An expert on the Law of Moses, asked Yeshua this question, “Of all the commandments, which is the greatest [most important]?” Yeshua replied, “The greatest is, 'Hear, Israel, the Lord our God, the Lord is one: you shall love the Lord your God with all your heart, and with all your soul, and with all your mind, and with all your strength.' This is the first and greatest commandment. The second is like this, 'You shall love your neighbor as yourself.' There is no other commandment greater than these. The whole Law and the Prophets depend on these two commandments.” (Mark 12:28-31 / Matthew 22:35-40)

According to Yeshua, the Shema is the most important commandment. He then amended the Shema by adding Leviticus 19:18 as the second greatest commandment. He further stated that the rest of the Law of Moses and the teachings found in the Books of the Prophets stem from, and are but variations of these two commandments. Keep the Two Commandments of Yeshua and you will find that you are obeying all the others.

What's In A Name?

“Listen, people of Israel: (The Lord) Yahweh is our (God) Elohim. (The Lord) Yahweh is one.”

The Bible contains literally hundreds of different names and titles of God. The names and titles of God reveal His nature and character to us. The most frequently used names are Yahweh, Elohim, and Adonai.

Elohim is the first name for God found in the Bible, appearing in most English translations simply as "God." Genesis 1:1 states, "In the beginning, God (Elohim) created the heavens and the earth." The name Elohim, which appears more than 2000 times, is most often used when emphasizing God's creative power or judgment.

The name Yahweh (YHWH) is found more often than any other name for God in the Old Testament, appearing nearly 7,000 times. Strictly speaking, Yahweh is the only proper name of God in the Bible. In most English translations, the name Yahweh is translated as "Lord" (all capitals). Jehovah, the English translation of the name Yahweh only dates back to 1520 A.D. and does not appear in any ancient manuscripts of the Bible. The name Yahweh (Jehovah) means "the self-existent one," i.e. without beginning and without end.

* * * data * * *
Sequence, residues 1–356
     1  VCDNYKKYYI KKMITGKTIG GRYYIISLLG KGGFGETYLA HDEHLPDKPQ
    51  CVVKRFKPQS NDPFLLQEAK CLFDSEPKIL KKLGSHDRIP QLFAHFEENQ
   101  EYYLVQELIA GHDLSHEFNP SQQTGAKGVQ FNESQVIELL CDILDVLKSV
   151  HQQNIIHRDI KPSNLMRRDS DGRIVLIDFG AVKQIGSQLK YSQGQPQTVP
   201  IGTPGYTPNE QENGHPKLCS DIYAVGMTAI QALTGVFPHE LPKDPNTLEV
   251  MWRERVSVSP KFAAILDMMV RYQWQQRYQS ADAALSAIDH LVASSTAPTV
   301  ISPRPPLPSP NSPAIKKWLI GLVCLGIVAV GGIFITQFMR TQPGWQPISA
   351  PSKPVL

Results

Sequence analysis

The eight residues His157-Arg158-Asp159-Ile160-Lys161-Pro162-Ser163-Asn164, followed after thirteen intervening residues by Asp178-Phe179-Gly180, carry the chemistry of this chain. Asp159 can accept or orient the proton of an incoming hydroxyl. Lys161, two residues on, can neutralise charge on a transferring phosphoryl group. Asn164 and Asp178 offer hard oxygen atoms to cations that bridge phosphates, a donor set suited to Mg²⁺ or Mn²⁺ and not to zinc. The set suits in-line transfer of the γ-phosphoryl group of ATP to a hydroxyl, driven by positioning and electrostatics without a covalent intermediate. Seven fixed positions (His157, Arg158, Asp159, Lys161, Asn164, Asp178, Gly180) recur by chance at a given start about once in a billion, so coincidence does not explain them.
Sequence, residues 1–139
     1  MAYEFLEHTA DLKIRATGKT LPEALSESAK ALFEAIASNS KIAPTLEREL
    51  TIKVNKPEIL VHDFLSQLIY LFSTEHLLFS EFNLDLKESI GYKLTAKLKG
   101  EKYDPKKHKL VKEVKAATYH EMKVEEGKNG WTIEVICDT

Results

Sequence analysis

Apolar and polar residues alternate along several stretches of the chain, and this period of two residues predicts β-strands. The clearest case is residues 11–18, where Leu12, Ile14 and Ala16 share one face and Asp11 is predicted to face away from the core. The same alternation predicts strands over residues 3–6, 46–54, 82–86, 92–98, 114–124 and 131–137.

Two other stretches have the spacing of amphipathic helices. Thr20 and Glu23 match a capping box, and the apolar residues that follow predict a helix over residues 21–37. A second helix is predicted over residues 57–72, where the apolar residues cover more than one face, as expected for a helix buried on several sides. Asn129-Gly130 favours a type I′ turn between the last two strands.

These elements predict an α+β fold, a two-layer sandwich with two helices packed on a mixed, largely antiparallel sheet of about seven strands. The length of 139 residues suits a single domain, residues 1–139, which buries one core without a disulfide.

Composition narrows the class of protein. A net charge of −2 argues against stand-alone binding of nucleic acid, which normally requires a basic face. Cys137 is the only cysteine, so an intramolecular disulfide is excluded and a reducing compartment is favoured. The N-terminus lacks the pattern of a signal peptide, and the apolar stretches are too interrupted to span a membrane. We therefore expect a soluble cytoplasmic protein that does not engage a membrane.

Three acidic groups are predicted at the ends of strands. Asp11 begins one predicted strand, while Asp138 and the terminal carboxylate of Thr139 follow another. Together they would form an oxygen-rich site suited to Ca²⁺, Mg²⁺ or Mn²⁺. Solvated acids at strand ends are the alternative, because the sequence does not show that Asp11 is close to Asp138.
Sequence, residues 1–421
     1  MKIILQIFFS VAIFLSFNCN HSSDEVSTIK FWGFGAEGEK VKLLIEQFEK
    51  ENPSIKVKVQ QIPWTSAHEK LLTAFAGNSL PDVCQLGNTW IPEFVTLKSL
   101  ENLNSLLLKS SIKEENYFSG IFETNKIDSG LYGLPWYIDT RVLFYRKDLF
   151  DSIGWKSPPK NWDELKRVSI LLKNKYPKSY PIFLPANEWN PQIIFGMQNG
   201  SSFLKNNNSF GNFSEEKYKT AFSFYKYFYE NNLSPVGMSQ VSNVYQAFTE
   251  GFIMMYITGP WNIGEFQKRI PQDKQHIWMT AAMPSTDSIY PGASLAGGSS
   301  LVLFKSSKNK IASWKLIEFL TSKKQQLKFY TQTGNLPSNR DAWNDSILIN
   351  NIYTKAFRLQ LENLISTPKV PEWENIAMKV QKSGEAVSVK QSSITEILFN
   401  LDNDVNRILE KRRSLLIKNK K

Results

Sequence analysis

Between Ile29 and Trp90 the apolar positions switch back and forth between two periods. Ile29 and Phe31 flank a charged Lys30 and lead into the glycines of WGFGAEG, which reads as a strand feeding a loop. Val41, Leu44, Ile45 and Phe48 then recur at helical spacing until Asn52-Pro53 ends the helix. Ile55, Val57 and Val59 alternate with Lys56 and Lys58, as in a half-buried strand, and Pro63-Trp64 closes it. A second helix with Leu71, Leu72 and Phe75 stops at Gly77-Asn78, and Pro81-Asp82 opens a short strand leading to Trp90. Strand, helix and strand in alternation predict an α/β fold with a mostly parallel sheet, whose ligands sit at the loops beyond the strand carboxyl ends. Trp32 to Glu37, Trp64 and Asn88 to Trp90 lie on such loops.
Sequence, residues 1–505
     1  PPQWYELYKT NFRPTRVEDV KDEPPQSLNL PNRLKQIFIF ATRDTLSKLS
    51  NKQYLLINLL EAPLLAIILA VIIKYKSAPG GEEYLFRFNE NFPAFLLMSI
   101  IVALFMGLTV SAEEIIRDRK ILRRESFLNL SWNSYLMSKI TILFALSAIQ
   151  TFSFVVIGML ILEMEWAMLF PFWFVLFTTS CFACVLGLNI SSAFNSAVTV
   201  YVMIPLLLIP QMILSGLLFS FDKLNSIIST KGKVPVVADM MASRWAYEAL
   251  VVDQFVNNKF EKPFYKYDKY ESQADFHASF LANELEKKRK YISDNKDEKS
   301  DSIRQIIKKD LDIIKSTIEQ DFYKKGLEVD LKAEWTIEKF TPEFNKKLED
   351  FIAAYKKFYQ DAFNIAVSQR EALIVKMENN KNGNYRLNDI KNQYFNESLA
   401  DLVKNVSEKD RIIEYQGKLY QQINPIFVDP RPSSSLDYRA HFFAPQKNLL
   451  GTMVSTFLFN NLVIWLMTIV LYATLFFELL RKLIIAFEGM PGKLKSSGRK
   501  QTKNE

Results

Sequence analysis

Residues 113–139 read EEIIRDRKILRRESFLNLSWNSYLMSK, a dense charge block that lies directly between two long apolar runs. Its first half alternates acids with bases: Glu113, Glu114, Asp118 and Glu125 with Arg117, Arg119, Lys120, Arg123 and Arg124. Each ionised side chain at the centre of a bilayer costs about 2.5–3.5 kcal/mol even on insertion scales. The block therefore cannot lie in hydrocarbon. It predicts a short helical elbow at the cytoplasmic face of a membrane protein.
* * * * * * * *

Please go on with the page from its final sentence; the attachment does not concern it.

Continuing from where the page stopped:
The third most frequently used name for God in the Old Testament is Adonai, appearing more than 400 times. In most English translations, the name Adonai is written as "Lord" with the first letter capitalized and the other letters lowercase. Adonai means master. In the New Testament, both Yahweh (Jehovah) and Adonai are translated as "Lord" and applied to Christ.

Getting back to the Shema, we read “Listen, people of Israel: (The Lord) Yahweh is our (God) Elohim. (The Lord) Yahweh is one.” The name Elohim has the unusual characteristic of being plural in form, allowing for the doctrine of the trinity. There are many places in the Old Testament where God is spoken of in the plural. For instance, in Genesis 1:26 we read, 'Then (God) Elohim said, “Let Us make man in Our image, according to Our likeness”.' The name of God used in Genesis 1:26 is the same as that used in Deuteronomy 6:4 of the Shema.